Final stage: All of the above but including the following:
1. Run/walk program: a graduated and carefully monitored program where she would start with only 1 minute of running/1 minute of walking and the repetitions of these would increase with each run, if possible. We would either regress or remain at the same interval if she failed the 24 hour rule.
Fortunately, our runner was successful in returning to full running again pain-free in 6 months since the first day we met her. Unfortunately, we do encounter some people who despite our best efforts, have symptoms that do not fully resolve. What next?
Platelet-rich plasma (or PRP). This is an injection technique performed by sport medicine physicians where a blood sample is removed from the patient, and then it is placed in a centrifuge to concentrate the plasma with platelets. This is then re-injected into the painful/injured site. Currently, the evidence supporting PRP injections is better than cortisone. But the success of PRP is better when combined with an individualized rehab program as described above.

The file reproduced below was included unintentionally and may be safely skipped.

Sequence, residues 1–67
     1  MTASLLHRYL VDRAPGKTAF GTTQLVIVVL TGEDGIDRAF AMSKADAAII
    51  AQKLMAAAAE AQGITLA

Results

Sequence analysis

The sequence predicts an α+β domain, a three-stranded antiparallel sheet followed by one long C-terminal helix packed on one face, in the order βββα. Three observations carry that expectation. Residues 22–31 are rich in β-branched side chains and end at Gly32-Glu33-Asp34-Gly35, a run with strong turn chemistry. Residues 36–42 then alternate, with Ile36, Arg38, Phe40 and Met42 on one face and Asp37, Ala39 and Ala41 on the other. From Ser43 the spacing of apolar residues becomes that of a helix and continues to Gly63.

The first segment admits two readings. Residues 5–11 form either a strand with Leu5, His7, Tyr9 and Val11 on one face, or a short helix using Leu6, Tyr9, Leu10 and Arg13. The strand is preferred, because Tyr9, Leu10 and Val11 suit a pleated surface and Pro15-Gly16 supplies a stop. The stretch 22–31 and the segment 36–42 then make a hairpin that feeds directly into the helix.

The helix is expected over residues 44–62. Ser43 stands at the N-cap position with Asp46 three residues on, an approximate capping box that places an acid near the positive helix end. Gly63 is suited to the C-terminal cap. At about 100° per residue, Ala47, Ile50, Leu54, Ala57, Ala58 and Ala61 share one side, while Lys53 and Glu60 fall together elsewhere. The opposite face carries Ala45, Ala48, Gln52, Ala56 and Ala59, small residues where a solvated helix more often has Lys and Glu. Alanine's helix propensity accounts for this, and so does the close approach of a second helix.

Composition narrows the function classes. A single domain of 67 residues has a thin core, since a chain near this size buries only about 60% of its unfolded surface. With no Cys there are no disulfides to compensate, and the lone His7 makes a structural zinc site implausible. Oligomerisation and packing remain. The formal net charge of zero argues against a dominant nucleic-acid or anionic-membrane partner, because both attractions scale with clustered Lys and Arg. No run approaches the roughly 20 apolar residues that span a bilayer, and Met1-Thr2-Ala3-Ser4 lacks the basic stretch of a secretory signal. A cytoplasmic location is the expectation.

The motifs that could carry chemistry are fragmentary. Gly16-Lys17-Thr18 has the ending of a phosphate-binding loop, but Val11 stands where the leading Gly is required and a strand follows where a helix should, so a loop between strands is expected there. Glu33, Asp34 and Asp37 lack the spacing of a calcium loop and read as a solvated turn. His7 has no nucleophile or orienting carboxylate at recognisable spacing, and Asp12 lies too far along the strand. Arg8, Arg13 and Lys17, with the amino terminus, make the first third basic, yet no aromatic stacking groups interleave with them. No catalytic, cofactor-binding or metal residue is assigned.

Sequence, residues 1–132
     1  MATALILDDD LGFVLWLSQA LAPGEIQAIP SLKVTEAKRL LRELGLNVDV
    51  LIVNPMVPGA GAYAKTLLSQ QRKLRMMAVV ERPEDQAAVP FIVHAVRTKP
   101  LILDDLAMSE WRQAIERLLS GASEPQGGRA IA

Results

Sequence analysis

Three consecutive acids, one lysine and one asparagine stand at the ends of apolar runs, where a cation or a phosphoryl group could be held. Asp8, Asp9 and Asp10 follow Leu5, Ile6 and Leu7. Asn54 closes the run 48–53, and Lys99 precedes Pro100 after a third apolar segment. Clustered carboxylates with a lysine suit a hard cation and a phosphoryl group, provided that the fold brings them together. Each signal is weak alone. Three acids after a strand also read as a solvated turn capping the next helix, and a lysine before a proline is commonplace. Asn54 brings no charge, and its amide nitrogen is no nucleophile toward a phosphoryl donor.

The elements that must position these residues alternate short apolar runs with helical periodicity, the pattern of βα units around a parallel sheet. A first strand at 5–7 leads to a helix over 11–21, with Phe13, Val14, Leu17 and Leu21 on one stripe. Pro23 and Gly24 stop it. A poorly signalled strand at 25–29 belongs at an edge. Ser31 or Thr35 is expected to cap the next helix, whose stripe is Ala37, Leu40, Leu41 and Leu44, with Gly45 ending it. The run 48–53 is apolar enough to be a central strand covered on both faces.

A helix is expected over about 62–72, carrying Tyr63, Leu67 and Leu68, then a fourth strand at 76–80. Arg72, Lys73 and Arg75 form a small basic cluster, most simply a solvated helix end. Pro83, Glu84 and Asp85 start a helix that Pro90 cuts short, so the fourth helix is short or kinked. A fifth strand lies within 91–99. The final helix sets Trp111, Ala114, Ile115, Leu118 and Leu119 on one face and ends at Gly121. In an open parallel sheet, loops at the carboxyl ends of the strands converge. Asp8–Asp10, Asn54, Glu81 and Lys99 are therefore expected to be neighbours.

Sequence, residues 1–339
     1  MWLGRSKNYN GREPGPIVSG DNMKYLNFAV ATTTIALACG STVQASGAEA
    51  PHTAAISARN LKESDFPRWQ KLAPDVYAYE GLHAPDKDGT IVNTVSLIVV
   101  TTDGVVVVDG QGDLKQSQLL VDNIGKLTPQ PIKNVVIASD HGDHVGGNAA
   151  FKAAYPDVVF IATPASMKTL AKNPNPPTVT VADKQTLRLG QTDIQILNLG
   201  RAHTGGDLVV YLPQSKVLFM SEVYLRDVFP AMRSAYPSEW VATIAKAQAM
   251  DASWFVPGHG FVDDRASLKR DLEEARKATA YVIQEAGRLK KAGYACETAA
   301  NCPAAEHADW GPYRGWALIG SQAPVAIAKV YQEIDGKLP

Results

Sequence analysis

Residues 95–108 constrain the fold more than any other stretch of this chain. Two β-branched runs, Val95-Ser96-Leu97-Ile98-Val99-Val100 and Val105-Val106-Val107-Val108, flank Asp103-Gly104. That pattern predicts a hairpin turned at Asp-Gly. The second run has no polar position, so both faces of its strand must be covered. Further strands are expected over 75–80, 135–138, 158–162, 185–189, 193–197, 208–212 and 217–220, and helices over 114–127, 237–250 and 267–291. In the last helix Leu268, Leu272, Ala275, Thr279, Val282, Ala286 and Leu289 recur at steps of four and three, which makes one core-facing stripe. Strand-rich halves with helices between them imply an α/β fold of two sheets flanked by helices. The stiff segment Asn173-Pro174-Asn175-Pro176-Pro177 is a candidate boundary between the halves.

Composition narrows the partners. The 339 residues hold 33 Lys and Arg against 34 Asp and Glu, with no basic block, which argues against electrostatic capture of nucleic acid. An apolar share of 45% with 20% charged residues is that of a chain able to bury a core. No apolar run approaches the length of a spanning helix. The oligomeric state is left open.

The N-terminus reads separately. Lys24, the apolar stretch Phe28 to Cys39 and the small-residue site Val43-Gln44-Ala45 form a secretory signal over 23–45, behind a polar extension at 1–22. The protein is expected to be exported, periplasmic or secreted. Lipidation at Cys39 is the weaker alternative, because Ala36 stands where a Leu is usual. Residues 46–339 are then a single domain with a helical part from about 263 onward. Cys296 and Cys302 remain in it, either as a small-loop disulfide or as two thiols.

So, there you have it, folks. No amputation and replacement needed. Is it hard work? Yes. Like most things in life, hard work, discipline, patience when combined with excellent care will work for the majority of these conditions. Injections should always be reserved only if conservative management does not fully meet your goals. No click bait here. Just a well reasoned, personalized approach to care that combines current best practice guidelines and best available scientific evidence under the hands of a skilled physiotherapist who understands runners and in partnership with a disciplined/compliant patient. That’s the recipe for success.
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Submitted by Katelyn Rennie and Albert Chan